Are you engaged in exciting food-related research, teaching, and publication at UNC? Do you have an idea for an outstanding food-related lecturer (scholars, journalists, documentarians, community activists, food entrepreneurs, artisans, practitioners) to bring to campus? UNC-Chapel Hill’s Food for All (FFA) pan-university academic theme is sponsoring a multi-disciplinary food studies lecture series, and is seeking proposals from the university community. Micro-grants are available for speaker events with an expectation of cost-sharing between FFA and the co-sponsoring department, institute, or organization. Food for All is currently accepting proposals for speakers during the spring of 2017. Preference will be given to events that … Read More »

Categories: Featured News, Funding Tags: University of North Carolina at Chapel Hill

Mom’s Diet Can Affect Development of Next Two Generations

October 12, 2016

Nutritional deficiencies during pregnancy can have lasting effects across generations that impact development not only of children, but also of grandchildren. These heritable effects are linked to epigenetic changes that influence gene expression but not DNA sequence. At the NRI, we seek to understand how nutrition affects health and why different people respond differently to the same nutrients. The Ideraabdullah laboratory is particularly interested in identifying epigenetic changes that are caused by nutrient deficiencies and understanding how an individual’s genetic makeup influences those particular epigenetic modifications. What they did: While maternal vitamin D deficiency is linked to negative health outcomes in … Read More »

Categories: News Tags: University of North Carolina at Chapel Hill

Inaugural Short Course in Nutrigenetics, Nutrigenomics and Precision Nutrition

July 1, 2016

The inaugural course in Nutrigenetics, Nutrigenomics and Precision Nutrition was held at the UNC Nutrition Research Institute in Kannapolis, May 23-26. This workshop-style educational course featured 16 expert-led presentations on a variety of topics including “Nutrition and Epigenetics” and “MicroRNA and Metabolic Profiling.” Attendees also participated in hands-on sessions where they learned to analyze and interpret genetic data using PLINK, Harvard’s open-source, whole-genome association analysis software toolset. This non-credit short course was attended by 96 participants from 6 countries and 29 states, including graduate students, health professionals and nutrition scientists from academia and industry. Presenters included professors from the Nutrition, … Read More »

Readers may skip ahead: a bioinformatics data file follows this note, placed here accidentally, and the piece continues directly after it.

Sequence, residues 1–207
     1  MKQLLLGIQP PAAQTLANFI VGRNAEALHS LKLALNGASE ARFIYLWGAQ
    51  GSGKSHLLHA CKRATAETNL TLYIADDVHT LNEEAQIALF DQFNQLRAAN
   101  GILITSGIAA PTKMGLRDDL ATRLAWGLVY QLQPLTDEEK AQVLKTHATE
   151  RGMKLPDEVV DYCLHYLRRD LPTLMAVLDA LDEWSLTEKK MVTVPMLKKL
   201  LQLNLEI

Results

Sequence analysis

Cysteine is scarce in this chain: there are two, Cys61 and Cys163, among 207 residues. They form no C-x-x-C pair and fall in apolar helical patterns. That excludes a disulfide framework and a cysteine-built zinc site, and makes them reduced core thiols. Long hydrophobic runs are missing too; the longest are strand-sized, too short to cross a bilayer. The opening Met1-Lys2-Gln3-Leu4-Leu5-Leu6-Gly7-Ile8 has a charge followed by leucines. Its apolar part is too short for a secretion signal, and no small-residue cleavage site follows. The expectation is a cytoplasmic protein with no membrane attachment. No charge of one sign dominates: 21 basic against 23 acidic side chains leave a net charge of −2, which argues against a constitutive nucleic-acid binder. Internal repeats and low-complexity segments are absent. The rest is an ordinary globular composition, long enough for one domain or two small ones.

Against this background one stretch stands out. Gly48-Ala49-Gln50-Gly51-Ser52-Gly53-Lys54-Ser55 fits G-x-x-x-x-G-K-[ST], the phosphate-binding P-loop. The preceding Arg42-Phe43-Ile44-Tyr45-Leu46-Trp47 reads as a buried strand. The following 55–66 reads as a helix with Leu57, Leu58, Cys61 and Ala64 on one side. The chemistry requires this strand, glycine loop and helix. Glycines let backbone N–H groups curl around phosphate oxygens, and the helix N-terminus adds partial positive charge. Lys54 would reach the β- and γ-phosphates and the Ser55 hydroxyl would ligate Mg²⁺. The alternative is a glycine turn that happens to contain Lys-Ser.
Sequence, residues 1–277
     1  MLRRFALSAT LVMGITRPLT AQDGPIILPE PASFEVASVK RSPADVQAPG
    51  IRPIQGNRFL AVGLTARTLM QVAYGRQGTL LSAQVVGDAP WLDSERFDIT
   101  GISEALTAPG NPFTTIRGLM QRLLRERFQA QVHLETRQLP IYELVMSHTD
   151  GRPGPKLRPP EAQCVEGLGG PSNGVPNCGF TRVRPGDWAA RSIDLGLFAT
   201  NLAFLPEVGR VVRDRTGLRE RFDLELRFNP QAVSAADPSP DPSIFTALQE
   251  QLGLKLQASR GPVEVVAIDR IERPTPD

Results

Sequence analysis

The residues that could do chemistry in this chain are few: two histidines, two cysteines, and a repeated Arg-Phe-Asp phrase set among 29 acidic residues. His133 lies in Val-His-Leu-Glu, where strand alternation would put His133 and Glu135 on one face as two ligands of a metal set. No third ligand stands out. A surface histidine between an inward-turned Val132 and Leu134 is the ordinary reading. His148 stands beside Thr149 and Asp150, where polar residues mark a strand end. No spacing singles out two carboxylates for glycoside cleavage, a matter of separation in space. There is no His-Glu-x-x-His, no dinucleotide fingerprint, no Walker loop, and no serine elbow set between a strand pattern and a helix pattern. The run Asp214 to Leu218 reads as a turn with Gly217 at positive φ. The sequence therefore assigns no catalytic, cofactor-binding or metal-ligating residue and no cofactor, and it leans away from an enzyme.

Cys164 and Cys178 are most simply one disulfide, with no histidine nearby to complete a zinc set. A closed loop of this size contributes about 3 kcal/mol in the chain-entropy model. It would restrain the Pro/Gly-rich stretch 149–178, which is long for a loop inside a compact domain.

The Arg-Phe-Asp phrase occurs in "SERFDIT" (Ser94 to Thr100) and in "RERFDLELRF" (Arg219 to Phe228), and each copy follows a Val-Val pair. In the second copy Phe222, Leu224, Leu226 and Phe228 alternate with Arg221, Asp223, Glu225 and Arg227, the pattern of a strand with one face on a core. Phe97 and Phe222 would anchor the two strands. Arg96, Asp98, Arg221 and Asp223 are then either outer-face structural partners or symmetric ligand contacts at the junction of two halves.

Categories: News Tags: University of North Carolina at Chapel Hill

Combination of Obesity and a Common Human Infection May Increase Anxiety Levels

June 22, 2016

Anxiety and anxiety-related disorders are the most common mental health problem in the United States, with obese people having higher rates of anxiety than non-obese people. Data from a recent study reveal that this increased anxiety may be caused by an interaction between obesity and a very common human infection, which results in immunological changes in the brain. Patricia Sheridan, PhD, research assistant professor of nutrition at the UNC Gillings School of Global Public Health, has worked for years to determine how diet alters inflammatory processes in the brain. As the senior author of the study “Diet-induced obesity prolongs neuroinflammation … Read More »

Categories: News, Publications Tags: University of North Carolina at Chapel Hill

Validity and Reliability of a 4-Compartment Body Composition Model

May 15, 2016

Abstract Body volume (BV), one component of a four-compartment (4C) body composition model, is commonly assessed using air displacement plethysmography (BodPod). However, dual-energy x-ray absorptiometry (DEXA) has been proposed as an alternative method for calculating BV. This investigation evaluated the validity and reliability of DEXA-derived BV measurement and a DEXA-derived 4C model (DEXA-4C) for percent body fat (%BF), fat mass (FM), and lean mass (LM). Using a total sample of 127 men and women, a traditional 4C body composition reference assessment was completed. A DEXA-4C model was created by linearly regressing BodPod BV with DEXA FM, LM, and bone mineral … Read More »

Categories: Publications Tags: University of North Carolina at Chapel Hill